Editor’s note: In light of the December 2019 Conservative electoral landslide in the UK and its impact on the future of Britain, Brexit, and the EU, we are re-publishing this article — originally written July 3, 2016 — to provide important context about what Brexit means today.
Thursday 72% of the adult population of the UK voted in what has been dubbed one of the most important referendums in modern times. The topic of consideration: Should Britain leave the European Union? In this age of Twitter-hashtag-ready abbreviations, the referendum has been called “Brexit” (a blending of “Britain” and “exit“).
Early in the morning of the 24th June 2016, I dragged my tired, mornings-aren’t-my-thing self onto a bus, opened Facebook on my phone, read a couple of statuses, and felt my heart sink to somewhere in my stomach region. One quick look at the BBC News website later and my fears were confirmed: Brexit had won. The UK had voted to leave the EU.
I had believed that the side against Brexit (the “Bremain” side, as it has become known) would win by a comfortable margin. Surely, I thought, most people would look at the pros and cons of it all and come to the conclusion that the EU is an overall positive influence on Britain.
It seems that I was wrong.
Brexit’s win was only marginal (52% of the vote), but it was a win nonetheless. While this referendum is not legally binding, and it would be perfectly within the government’s authority to completely ignore the views of the public on this matter and keep Britain in the EU anyway, it is not currently looking like that will happen.
Prime Minister David Cameron (who is pro-EU) resigned within hours of the results coming through, and the major money is on Michael Gove (who is anti-EU) to take his place. Unless some attempt is made by the Bremainers to appeal Brexit, there is a good chance that the UK will be leaving the EU within the next two years.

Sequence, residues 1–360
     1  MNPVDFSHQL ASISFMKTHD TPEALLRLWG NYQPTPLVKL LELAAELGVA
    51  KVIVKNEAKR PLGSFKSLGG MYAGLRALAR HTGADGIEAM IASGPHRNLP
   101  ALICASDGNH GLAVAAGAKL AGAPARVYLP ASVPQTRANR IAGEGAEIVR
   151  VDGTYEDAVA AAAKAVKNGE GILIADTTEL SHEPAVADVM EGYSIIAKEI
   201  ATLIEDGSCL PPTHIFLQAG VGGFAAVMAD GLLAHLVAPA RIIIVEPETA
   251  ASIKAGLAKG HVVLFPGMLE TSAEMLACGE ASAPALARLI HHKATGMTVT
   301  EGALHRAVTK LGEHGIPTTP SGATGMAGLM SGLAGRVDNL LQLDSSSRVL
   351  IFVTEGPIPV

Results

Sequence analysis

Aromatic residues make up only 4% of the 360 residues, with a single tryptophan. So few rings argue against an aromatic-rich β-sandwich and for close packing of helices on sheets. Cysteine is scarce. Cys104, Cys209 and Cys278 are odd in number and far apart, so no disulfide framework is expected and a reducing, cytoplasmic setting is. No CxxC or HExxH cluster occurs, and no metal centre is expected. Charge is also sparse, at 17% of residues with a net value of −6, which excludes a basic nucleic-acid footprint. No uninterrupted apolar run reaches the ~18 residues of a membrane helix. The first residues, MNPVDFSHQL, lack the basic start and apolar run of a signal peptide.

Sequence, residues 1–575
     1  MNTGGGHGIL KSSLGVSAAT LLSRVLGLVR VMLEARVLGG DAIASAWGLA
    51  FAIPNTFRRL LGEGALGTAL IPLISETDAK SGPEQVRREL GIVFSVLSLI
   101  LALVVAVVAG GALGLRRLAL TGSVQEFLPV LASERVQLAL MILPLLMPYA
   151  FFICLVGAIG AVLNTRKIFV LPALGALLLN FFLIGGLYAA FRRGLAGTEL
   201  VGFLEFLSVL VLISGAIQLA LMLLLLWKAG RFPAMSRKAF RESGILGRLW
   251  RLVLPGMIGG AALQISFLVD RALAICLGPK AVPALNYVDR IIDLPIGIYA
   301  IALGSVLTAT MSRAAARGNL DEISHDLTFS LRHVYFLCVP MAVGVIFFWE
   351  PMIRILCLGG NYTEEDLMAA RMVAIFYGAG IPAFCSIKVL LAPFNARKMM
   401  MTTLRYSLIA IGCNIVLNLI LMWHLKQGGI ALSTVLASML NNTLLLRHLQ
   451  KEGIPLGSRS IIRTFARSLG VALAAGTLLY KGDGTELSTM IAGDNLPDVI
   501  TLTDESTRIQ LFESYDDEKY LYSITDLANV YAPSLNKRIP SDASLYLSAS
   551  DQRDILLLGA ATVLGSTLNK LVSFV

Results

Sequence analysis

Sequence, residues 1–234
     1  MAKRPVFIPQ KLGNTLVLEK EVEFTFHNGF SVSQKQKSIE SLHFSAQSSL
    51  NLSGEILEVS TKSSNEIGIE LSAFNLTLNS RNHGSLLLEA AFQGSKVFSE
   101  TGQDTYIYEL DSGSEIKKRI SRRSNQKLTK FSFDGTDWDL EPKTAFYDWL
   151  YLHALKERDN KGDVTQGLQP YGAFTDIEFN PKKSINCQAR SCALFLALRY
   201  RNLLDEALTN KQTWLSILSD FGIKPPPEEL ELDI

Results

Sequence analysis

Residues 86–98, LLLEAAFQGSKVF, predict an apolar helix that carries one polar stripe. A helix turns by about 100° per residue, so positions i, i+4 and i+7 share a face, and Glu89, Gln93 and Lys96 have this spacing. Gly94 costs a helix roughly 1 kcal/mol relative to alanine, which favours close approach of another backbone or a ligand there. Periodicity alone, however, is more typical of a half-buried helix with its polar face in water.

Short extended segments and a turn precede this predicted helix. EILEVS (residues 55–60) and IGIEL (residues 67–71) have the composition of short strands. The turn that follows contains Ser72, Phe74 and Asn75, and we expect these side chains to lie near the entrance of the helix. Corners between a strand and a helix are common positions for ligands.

The results of this referendum have upset a lot of people, not the least of whom include the thousands upon thousands of EU citizens living in the UK. Whether the bodies who set up the EU intended for it to happen or not, the EU has undoubtedly been a driving force for social justice in the UK over the last 40-odd years. Now that Britain is most probably going to leave, it seems that the social justice that has been established is already starting to unravel, and that is heartbreaking to witness.
The EU and Social Justice
The EU was originally created as a treaty for peace and cooperation between its members. At a time when Europe had until very recently been at war, and massive clean-ups were still happening all over the place, the need for countries that had been fighting each other to work together to rebuild was paramount. Thus, the predecessor to the EU, known as the European Coal and Steel Community, was born.
As time went on and more countries joined, the EU evolved and started creating legislation that covered areas other than just coal and steel. Among the most prevalent of these was the allowance of tariff-free trade between member countries. As well as making the trading of goods easier and more lucrative for all parties involved, this also paved the way for the free movement of people.
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For a part of the world that had previously strongly protected its borders from foreign invasion, this free movement was a fantastic opportunity for people to travel, study, work, and live in countries vastly different from their own. This ability to become immersed in other cultures and learn that there are different countries and ideas and people out there is a powerful tool against prejudice and racism.
The Shattering of the Dream